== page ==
Well, it’s fair to say that Adidas and Nike may “hang around the same streets” keeping a close position to each other. Yet brand positioning activities — that span from marketing to product development — allow both brands to scoop up a slice of the pie.

While Nike is increasingly focused on performance, Adidas focuses on play.

The same goes for the sophisticated scene that Cafe Nero displays versus the charitable Costa Coffee and the stylish Starbucks. These major coffee brands often compete physically for positioning in town centres and shopping malls, as well as fighting for brand positioning in the minds of consumers.

How to Successfully Position Your Brand

The key to positioning your brand is selecting the right neighbourhood. In other words, the right group of people to market to.

Not only will this narrow down your list of direct competitors, but it will also give your marketing efforts much more guidance.

You’ll have more time to worry about the markets that matter and spend less time trying to keep a watchful eye — well, on everything.

Should you be chasing the customers populating affluent areas like Manhattan and Chelsea? Or, is your brand a more modest personality that could feasibly attract punters in every major town and city across the country?

Once you’ve identified the right audience, you can speak their language.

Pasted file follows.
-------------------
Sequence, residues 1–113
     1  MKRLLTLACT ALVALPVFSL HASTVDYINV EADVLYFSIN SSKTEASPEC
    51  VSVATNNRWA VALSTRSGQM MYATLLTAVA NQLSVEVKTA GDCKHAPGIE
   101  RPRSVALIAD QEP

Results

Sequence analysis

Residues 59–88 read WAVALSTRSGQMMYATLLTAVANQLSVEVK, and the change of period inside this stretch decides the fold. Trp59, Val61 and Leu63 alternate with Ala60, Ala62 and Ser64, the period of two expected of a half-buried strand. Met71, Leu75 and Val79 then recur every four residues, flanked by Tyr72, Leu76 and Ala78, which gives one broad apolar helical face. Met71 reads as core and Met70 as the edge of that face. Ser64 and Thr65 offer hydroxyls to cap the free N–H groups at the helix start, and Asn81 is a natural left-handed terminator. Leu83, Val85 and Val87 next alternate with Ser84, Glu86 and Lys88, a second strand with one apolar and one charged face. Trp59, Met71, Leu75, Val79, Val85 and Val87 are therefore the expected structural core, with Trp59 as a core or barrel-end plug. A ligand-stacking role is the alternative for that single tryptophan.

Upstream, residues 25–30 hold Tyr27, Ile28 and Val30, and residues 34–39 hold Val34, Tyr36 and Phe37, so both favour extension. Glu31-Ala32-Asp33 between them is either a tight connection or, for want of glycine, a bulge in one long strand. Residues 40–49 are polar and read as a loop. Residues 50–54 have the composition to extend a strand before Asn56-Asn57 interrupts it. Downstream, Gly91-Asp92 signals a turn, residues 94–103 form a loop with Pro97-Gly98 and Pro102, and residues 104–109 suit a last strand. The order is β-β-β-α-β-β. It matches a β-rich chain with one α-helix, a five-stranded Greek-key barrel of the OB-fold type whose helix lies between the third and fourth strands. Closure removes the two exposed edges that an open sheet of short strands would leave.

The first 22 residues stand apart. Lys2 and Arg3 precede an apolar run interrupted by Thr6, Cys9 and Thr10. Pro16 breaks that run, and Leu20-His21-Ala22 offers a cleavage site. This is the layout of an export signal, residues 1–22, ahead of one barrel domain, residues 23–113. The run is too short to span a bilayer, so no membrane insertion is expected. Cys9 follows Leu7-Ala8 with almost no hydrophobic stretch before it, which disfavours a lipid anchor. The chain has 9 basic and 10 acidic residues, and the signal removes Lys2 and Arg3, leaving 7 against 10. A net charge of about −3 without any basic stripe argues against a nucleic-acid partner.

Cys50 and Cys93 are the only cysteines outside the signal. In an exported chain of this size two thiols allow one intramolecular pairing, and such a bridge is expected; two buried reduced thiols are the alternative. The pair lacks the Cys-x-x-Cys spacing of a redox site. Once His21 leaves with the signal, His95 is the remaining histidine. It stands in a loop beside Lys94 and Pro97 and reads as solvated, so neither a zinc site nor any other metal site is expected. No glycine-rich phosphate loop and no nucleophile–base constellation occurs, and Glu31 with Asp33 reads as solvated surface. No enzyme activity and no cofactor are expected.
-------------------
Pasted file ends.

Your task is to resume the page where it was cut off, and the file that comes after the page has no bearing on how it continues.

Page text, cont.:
Brand positioning is a subtle activity that breathes life into every area of your marketing department. It sways the small choices you make like the music on your latest advertisement and the representation of your models. And it also influences important decisions, like which product to develop next or what strapline to choose.

Let’s be clear. There’s no right time to look at brand positioning and it’s never too late to start.

It’s not uncommon to think about brand positioning before a company is even formed.

Entrepreneurs consider brand positioning constantly to find a gap in the market.

Is there a product that’s currently inaccessible to minimum wage households? Does an everyday product have the potential to become bespoke and luxurious? These types of brand positioning questions might help you to market a new idea for a company that could penetrate an existing market.

Similarly, brand positioning can be tweaked and changed “in the moment” without spelling gloom and doom for a business.

Large corporations make decisions like this frequently as a response to industry change and consumer behaviour.

You’ll have noticed the decor in McDonald’s has been revamped since the ’90s to become as mature as a hamburger and fries can get.

Kids parties and Ronald McDonald sightings are much less prevalent with technology and muted colours in place.

This action was the result of McDonald’s changing its brand positioning as the habits of fast food eating altered. Now, McDonald’s positions itself as a go-to for affordable food for all ages. The focus turned to attract the parents of the kids that McDonald’s advertisements once aimed to please.

As you can see, there are no hard and fast rules when it comes to brand positioning.

The act of positioning is moldable, allowing you to constantly redefine what it means to shop with your brand.

With that said, some things will never change. Brand positioning is always influenced by the customer, what they want and what your current competitors are failing to deliver.